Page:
Tuck-or Treat



Tales of a Female Nomad (Rita Golden Gelman) introduced me to the Favor Bank concept, which asserts that the entire world is a bank – we all go through life making deposits (whenever we do a favor for someone) which means that whenever we need a favor we’re entitled to a withdrawal.  It’s just as important to take out as it is to put in, because each time we accept a favor we’re allowing someone else to make a deposit. 

An abbreviated list of donations for the raffle at Celia's Walk, Nov 6th.
4 tickets to CAPA's A Christmas Carol
Hot Air Balloon ride for 2, courtesy Mike Ruede
2 Blue Jackets tickets
Beauty in Life professional photography package 
Cardthartic's House of Cards, featuring Celia
LibbyJo's Fine Art painting on canvas
ladies' Cool Tie Dye Ohio State shirt
Broadway Design Group Nail & Spa package
Buffalo Wild Wings gift card and sauce pack
gift cards to favorites like Starbucks, Panera and many more
homemade treats - jelly, jam, honey, professional cakes
and handcrafted items - scarves, baby hats, holiday quilts, felted purses

With SO MANY people giving, Gelman's Favor Bank seems like a good idea for those of us who have trouble taking to keep in mind. 



And we did.

After dinner, I asked Tuck what he’d like to play. Kitchen? I wondered.
Cars?  Instruments?  Stickers?  Blocks?
Let’s lie down with Celia, he suggested. Mama and Tucker and Daddy and Colby can lie down next to Celie.
And we did.

An astute blog reader might notice that Tucker has a favorite shirt... :)


Perchance to Dream

Shakespeare said Sleep knits up the ravell’d sleave of care.
Shakespeare was never a mother.


Keep Asking

I think Andy's post begs another question.
Maybe it's not whether you know someone with Batten Disease, or whether you know Celia.  Maybe the question is whether we can afford not to keep asking.  And that answer is easy.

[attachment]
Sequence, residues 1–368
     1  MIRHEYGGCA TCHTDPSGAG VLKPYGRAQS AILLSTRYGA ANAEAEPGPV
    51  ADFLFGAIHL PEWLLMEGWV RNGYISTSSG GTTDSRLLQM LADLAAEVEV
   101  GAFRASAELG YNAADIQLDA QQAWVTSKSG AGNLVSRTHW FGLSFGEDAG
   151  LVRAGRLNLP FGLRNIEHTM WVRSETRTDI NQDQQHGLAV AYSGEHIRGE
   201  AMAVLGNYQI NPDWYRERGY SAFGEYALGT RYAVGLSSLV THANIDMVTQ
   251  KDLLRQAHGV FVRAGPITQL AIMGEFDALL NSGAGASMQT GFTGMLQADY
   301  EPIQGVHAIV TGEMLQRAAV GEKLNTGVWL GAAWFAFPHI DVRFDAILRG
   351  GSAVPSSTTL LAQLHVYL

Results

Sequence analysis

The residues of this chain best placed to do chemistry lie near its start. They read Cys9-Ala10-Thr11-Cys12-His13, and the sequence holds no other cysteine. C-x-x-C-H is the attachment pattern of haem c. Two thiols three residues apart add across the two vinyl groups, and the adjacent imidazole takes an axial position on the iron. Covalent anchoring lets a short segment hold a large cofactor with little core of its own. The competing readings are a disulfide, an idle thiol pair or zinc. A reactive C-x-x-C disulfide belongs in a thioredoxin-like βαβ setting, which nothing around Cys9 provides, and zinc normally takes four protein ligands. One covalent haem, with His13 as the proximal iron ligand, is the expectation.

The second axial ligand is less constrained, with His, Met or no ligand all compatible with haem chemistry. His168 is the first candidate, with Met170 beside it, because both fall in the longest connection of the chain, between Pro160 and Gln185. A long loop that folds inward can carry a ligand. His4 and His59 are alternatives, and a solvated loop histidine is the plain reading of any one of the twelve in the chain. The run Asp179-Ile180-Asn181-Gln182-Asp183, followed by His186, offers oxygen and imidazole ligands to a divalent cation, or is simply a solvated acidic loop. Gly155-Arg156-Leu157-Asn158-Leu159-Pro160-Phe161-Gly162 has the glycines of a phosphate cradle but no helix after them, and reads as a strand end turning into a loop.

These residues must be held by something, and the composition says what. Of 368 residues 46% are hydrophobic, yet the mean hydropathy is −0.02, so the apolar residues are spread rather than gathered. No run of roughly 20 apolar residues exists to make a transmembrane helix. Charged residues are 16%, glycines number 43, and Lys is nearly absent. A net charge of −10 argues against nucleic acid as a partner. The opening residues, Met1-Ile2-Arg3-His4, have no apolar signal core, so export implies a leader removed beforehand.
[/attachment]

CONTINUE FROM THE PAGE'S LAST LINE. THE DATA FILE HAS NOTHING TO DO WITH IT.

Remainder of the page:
I'm willing to bet that those who do know Celia would agree -- she is worth it.

Take, for example, the fifth and sixth grade students we recently heard about who, when they've found money at the bus stop or on the playground, turn it in, but when it goes unclaimed after a given period, instead of keeping it they ask to put it in the school's "Celebrate Celia" fund.
Or the cousin who has opened an Etsy shop, who enjoys painting and has expanded her work to include techniques - like using a fork instead of a brush - to create art that appeals to visually impaired people, even children like those with Batten, who are losing sight but can appreciate paint through touch instead.  All of the profits from sales of designated paintings will go to BDSRA.
And at the grocery one day last week, where the lines were long and Celia's grandma let a young man holding only a greeting card go ahead of her.  While they waited, he spied her reusable Batten bags and asked about it, several questions.  After he paid for his card, he thanked her again, told her he has MS and that he hopes that finding the cure for one thing will lead to treatments for all neurological problems.  He handed her all of his change "for research" and went on his way.

So many of you help us introduce Celia to the world.  To those of us who know what Batten is, nine or eighty-seven or four hundred, any number is no worse than one.
One child is more than enough.  One child is too much.
Keep asking.


I know Celia

Ask any stranger on the street about heart disease/cancer/insert horrible but well-known disorder and you will get a similar response.  Eyes narrow, mouths turn down, heads gently nod.  Often they'll begin to tell you about the neighbor's child with autism, their own mother with breast cancer, their uncle with a failing heart.
Ask the same stranger about Batten Disease and heads tilt, eyes go wide and shift left then right, shoulders shrug.  They might ask you to repeat the question, to spell the word.
Batten Disease is faceless. There are no infomercials on late-night TV.  No weekend telethons.  No spots on the evening news about (insert someone famous) fighting Batten.
Pharmaceutical companies don't know about Batten Disease either.  Scientists count bodies to quantify cost.  And Batten is too rare, too unprofitable.
Batten Disease is little known in medicine, and in general, and it's underfunded in research. 
Maybe we're just asking the wrong question.  The question is not whether you know anyone with Batten Disease.
Do you know Celia?



Oh, his smile.

It is not limited by the bounds of his face; rather, he creates an atmosphere that smiles. And everything in his orbit smiles in the smiling. Especially us.


Following Suit